The “Defense Medical Exam”, Or “DME” – There’s Nothing “Independent” About It

The “Defense Medical Exam”, Or “DME” – There’s Nothing “Independent” About It

One of the tactics disreputable insurance company use to safeguard their money at all costs is to attack people who have been injured.  They do this by forcing them to be examined by dishonest doctors who give false opinions to the jury so as to reduce or eliminate the claim.  To many insurance companies, when someone makes a claim, the company wages an all-out war, and will do anything to try to make the injured person look like a liar.

This common insurance company tactic literally “adds insult to injury.” This common defense strategy of sending injured people to doctors who are paid not to give truly objective opinions, but to give false opinions simply to help the insurance company deny valid claims.  These experts can include doctors, psychologists, neuropsychologists and many other fields.

The verdict is going to be paid by an insurance company, in almost every case, by the way, even if the company is not being directly sued and nobody talks about insurance during the trial.  The insurance company is behind the scenes, pulling the strings and controlling everything that happens in the defense of the case, even though their customer seems to be the one who is being sued and is present in court.  Many states have laws forbidding the lawyers from telling the jury that there’s an insurance company involved, or even mentioning the insurance company’s name.  See my blog post on that topic here:

Why Missouri Law Prohibits Lawyers From Telling Juries That There’s Insurance To Pay Their Verdict

There are good and bad people in every field, including both lawyers and doctors. But in a sad and perverse example of bad conduct being rewarded, insurance companies tend to use the same DME doctors over, and over, and over again, because those doctors will give the opinions the insurance company wants, regardless of whether or not it’s the truth.

I want to make it clear that I’m not saying any doctor who does defense exams is a liar. The vast majority of physicians are truthful and honest.  But because they’re truthful and honest, many insurance companies use honest doctors infrequently or not at all, preferring instead to repeatedly use doctors who will say exactly what the insurance companies want to hear.  Or more accurately, what the insurance company wants the jury to hear.

And to get the jury to think that this doctor really is giving an objective opinion, insurance companies and defense lawyers love to call these “independent medical examinations”, or “IME’s.”  The simple truth of it is that this name is completely false, as there is nothing “independent” about it.

Why Would A Doctor Lie?

To be blunt: Money. The amounts these doctors make from insurance companies is off the charts. I’ve seen doctors testify that they make over $1 million a year just from doing defense exams on a part-time basis!  That’s $1 million year in addition to the money they make actually treating patients!

These doctors are extremely aware that if they stop giving opinions to help the insurance company deny claims, the company will send this stream of patients to some other doctor, resulting in the doctor’s losing that huge income source.

It amazes some people that doctors would blatantly lie.  When I first started practicing law, I didn’t believe it either. But then I saw it. Personally, and firsthand. Again, and again, and again.  These doctors are still just people, and people aren’t immune to the lure of easy money.  Dishonest DME doctors are people who’ve sold out, and are willing to say anything to keep the gravy train going.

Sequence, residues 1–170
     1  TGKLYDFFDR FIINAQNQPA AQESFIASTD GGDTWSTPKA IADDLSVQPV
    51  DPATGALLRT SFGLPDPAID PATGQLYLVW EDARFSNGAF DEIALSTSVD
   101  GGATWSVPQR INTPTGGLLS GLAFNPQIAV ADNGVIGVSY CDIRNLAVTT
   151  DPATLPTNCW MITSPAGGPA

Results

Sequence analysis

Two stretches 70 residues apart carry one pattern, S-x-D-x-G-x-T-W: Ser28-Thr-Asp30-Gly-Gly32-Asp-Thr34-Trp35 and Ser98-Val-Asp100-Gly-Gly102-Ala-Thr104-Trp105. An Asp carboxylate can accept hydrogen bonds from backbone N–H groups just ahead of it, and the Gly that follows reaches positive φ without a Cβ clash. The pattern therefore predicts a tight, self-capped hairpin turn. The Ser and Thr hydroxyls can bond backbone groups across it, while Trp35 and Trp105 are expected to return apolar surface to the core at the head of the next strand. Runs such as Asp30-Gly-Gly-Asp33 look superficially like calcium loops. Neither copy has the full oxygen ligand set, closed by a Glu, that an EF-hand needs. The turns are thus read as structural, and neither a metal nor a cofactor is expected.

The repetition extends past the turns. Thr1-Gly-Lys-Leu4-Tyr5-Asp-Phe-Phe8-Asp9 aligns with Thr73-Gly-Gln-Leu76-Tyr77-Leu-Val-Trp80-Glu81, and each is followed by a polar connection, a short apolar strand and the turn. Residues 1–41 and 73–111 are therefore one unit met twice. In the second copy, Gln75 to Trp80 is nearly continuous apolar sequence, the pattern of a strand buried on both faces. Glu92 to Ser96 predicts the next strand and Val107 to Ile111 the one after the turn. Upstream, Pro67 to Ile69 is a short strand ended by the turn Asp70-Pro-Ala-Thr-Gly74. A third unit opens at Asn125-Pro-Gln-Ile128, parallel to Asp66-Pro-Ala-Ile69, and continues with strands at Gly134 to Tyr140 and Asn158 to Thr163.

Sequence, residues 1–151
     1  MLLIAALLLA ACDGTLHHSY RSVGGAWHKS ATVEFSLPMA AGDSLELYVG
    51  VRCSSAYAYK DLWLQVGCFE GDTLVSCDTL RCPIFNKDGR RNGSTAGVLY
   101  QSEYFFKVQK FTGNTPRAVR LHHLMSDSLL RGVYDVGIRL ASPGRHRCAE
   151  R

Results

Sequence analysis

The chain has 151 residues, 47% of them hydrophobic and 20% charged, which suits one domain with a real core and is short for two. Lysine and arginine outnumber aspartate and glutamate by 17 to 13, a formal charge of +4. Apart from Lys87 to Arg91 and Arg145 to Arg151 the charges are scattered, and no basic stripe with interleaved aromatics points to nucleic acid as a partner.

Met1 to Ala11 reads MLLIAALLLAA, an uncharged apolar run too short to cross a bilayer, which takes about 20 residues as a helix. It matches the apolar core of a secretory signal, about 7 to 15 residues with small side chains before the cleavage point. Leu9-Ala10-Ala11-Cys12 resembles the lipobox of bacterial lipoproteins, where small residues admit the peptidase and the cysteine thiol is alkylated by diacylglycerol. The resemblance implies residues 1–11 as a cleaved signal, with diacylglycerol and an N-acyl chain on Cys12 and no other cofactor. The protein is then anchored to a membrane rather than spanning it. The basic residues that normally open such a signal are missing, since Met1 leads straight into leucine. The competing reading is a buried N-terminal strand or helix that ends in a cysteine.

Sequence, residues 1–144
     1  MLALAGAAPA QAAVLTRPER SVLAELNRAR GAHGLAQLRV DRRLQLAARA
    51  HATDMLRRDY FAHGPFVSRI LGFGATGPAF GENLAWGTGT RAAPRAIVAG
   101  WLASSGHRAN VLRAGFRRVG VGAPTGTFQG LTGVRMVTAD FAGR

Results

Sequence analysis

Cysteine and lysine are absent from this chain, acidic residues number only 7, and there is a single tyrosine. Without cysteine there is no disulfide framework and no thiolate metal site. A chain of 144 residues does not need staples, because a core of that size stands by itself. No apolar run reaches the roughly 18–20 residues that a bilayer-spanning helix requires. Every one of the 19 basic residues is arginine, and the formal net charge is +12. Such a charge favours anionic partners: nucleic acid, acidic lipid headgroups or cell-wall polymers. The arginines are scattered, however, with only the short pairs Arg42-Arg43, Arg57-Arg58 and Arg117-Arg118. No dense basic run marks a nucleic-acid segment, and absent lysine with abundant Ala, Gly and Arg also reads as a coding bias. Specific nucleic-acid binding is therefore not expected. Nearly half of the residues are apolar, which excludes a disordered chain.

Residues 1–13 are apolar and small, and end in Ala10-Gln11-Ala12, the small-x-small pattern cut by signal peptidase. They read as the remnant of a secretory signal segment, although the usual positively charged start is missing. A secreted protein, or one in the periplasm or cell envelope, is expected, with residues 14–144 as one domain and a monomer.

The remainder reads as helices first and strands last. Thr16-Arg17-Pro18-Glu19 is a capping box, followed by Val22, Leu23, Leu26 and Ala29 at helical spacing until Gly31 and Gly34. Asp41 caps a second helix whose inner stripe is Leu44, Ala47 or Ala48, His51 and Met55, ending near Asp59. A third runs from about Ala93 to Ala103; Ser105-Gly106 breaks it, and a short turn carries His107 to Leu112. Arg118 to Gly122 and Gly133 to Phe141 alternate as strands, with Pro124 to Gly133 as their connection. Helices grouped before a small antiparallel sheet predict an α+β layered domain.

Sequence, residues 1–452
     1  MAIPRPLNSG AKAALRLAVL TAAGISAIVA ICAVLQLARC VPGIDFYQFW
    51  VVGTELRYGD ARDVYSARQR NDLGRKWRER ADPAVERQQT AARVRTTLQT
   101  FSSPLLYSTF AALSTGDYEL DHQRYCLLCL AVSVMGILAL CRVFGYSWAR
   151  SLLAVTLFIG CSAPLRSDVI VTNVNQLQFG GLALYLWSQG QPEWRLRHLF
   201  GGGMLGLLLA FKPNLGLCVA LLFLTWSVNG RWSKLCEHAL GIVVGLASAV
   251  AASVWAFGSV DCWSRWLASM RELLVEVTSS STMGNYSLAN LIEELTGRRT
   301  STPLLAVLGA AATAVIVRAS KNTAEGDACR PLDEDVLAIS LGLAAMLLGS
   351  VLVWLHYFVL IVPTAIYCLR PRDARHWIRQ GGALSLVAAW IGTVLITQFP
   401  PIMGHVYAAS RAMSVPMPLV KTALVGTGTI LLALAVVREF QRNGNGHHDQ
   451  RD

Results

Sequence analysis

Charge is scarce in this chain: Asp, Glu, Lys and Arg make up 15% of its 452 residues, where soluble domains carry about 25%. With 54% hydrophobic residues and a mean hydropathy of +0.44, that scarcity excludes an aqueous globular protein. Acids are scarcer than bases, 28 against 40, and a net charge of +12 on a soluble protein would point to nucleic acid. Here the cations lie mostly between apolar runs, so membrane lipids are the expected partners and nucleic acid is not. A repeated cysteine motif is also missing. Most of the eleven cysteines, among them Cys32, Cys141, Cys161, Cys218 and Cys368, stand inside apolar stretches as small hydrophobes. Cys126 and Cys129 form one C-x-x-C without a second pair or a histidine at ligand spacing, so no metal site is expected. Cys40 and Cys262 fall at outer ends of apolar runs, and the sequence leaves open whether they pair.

“I Don’t Believe Doctors Would Lie!”

If you’re reading this and saying “That’s not true. You’re exaggerating. Doctors wouldn’t blatantly lie!”, then I strongly urge you to read this:

IME abuse? Read the transcript of Dr. Rosalind Griffin in a terrible truck accident case and decide for yourself

It’s a detailed account by a lawyer of his cross-examination of a doctor whose examination of an injured person was videotaped.  Even though that exam was videotaped, the doctor still blatantly lied in her report.  She simply made things up in order to defeat the claim!  That webpage even includes a link to the entire word-for-word transcript of the doctor’s testimony, see you can read for yourself just how much this physician falsified what was in her report.

For example, Dr. Griffin said that the injured person had made “statements” to her that “he has been improving” or that “he has improved.”  That would clearly help minimize the injury and decrease the potential verdict. But when questioned about exactly when in the videotaped examination the injured person said anything like that, Dr. Griffin couldn’t find it.  She said “I don’t know that I can point that out in my notes.” (Pages 105/106) and “Not a quote,” and “You won’t hear it in a quote.” (Pages 112/113).

What’s Supposed to Happen In A DME?

Here’s what’s supposed to happen when an honest physician performs an impartial examination on the part of the defense:

  1. gets a letter from the insurance company or their lawyer asking them to do a defense exam;
  2. is objective and keeps an open mind at all times;
  3. treats the injured person just the same way they would their own patient;
  4. is provided with all of the patient’s medical records;
  5. reads them carefully;
  6. Injured person comes in for an appointment;
  7. carefully takes a complete relevant medical history (just as they would for a patient that they were treating);
  8. only asks questions having to do with the injury, and doesn’t ask questions which are important to the case but unimportant to the medical evaluation (for example, “Which car had the red light?”, etc.)
  9. carefully examines patient, making accurate, complete notes of all of their observations, test results, etc.;
  10. writes a report explaining all of their findings, and giving their opinions.

And if the doctor’s being honest and careful, that is exactly what will happen.

What Happens In A DME If The Doctor Is Dishonest?

If the doctor is one of those ones who is dishonest and being paid to write a report favoring the insurance company/defense no matter what the truth is, here are some things that will frequently happen:

  1. gets a letter from the insurance company or their lawyer asking them to do a defense exam;
  2. is not objective and does not keep an open mind;